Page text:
C'mon now, everybody, finish it with me:
"....Take time to check the gauge".
The baby sweater I made on the ribber recently was a great example of why doing a gauge swatch can be very helpful. Then, there are times when "close enough" is good enough. There are times too, when a swatch can lie. And then there are times when swatching really pays off.
I'm working on a project, and the pattern gauge was 29st/35 rows for 4". I got a decent fabric with 28st/30 rows. Now, 28 to 29 sts...that doesn't sound like much, does it? But, hypothesize...that's one stitch too big for every 4". On a 40" sweater, I would be 10 sts too big. Those 10sts, in my gauge, add up to 1 1/2". Depending on the fit and design of the sweater, that could be huge. The row gauge is funnier. The difference between 30 and 35 sounds big, but at the inch level, it's 8.75 vs 10 rows per inch. That's just 1.25 rows per inch difference. Not much? Over a 25" sweater, that's like, 34 rows difference.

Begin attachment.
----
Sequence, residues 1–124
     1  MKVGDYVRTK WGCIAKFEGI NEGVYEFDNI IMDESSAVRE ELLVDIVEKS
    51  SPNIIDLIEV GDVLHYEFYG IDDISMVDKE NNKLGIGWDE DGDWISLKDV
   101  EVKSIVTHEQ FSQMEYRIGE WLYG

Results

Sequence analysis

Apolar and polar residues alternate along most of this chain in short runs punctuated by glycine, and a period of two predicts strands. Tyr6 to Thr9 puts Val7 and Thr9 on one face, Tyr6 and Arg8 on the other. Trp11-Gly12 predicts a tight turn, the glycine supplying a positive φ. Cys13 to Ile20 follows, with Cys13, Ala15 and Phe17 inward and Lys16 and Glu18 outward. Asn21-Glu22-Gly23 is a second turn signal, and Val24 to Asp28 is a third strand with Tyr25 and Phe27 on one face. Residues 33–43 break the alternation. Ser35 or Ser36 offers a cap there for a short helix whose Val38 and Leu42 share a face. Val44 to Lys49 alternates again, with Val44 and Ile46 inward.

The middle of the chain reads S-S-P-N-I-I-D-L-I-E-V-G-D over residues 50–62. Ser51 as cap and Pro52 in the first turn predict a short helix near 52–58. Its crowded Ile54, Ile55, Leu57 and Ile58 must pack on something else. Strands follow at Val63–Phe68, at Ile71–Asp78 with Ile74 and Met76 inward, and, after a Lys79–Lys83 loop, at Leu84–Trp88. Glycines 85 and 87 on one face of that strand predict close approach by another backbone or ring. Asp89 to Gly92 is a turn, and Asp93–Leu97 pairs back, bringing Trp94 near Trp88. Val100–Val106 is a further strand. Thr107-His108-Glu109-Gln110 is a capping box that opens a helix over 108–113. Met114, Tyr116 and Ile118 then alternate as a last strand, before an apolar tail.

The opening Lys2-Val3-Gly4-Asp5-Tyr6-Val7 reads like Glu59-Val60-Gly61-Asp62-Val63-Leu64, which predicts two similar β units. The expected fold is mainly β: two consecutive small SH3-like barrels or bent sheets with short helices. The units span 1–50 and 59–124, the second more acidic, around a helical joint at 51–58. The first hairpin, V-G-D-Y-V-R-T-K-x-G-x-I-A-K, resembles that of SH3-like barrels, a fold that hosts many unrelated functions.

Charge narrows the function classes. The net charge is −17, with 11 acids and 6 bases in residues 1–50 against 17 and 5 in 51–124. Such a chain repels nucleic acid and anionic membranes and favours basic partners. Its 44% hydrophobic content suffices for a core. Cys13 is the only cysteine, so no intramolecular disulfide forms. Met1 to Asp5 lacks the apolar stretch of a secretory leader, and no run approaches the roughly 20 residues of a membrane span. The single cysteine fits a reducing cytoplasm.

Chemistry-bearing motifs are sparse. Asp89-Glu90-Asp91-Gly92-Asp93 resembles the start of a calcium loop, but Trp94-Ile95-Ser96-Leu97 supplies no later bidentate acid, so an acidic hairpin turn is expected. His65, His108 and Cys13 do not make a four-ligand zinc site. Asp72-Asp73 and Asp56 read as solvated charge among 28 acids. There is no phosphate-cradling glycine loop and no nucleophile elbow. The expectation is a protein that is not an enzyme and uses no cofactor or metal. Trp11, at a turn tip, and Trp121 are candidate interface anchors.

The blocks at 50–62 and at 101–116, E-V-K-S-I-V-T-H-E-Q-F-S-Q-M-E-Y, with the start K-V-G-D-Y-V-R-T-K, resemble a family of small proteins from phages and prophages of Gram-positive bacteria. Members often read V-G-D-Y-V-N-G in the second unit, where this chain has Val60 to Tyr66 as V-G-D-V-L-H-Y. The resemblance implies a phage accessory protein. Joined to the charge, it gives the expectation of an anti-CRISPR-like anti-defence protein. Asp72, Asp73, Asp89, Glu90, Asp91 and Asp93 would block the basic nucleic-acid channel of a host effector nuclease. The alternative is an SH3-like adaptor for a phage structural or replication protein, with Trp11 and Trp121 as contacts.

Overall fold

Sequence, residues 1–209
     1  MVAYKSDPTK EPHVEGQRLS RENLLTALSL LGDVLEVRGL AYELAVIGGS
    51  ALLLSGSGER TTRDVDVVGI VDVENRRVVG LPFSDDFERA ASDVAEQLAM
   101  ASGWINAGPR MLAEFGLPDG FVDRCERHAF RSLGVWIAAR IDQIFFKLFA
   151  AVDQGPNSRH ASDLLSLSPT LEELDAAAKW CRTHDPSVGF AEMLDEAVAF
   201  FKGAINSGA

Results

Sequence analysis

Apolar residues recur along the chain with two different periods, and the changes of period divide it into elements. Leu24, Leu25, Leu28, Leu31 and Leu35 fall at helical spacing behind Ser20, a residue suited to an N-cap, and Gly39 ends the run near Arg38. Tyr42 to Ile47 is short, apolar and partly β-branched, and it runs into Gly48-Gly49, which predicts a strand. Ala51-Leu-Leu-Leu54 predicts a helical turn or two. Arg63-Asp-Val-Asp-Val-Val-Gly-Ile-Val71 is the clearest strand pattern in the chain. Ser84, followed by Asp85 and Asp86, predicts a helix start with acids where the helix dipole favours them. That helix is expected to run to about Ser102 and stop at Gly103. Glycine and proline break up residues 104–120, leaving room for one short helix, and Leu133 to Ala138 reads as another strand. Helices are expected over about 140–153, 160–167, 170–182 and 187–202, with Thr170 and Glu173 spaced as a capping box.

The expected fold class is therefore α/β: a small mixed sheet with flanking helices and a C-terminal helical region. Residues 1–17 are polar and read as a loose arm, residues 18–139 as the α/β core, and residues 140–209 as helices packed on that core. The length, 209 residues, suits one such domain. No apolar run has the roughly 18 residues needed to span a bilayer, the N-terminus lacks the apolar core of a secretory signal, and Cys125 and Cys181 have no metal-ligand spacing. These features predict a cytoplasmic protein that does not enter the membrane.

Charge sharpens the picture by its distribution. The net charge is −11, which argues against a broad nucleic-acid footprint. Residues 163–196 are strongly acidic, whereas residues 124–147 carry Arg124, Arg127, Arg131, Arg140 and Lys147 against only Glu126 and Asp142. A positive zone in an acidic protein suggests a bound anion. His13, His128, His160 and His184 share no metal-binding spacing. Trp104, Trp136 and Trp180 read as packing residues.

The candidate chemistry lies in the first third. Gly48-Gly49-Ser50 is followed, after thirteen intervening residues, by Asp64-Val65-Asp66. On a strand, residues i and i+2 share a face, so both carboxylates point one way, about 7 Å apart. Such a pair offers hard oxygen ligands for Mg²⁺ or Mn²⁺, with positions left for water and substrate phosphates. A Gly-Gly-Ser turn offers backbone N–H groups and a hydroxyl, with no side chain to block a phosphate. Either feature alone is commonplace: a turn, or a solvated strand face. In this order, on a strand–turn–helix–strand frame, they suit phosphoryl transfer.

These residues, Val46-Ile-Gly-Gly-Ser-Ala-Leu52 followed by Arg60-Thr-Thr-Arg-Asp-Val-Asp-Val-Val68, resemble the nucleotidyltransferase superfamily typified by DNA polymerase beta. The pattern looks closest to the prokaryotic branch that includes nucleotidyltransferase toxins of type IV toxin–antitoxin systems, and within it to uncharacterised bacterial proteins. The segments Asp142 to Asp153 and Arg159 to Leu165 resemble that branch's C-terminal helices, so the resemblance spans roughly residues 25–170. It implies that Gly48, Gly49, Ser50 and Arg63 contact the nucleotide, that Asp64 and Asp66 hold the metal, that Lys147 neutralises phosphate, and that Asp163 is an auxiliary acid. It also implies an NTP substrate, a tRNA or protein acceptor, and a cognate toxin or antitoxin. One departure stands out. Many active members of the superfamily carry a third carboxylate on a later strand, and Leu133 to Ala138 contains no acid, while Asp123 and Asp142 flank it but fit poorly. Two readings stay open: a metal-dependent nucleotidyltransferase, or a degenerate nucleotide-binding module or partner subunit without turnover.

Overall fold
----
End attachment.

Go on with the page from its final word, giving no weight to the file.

I thought at first I'd make a smaller size. But my gauge is not proportionally different than the pattern. So, I pretty much had to re-write the pattern, which wasn't too bad because there are really good schematics. But more work than I wanted to do, especially while I had a sinus infection.
However, when I've pinned out each piece to steam it, they are EXACTLY the size they should be!
Now, I just hope the measurements I was given are accurate!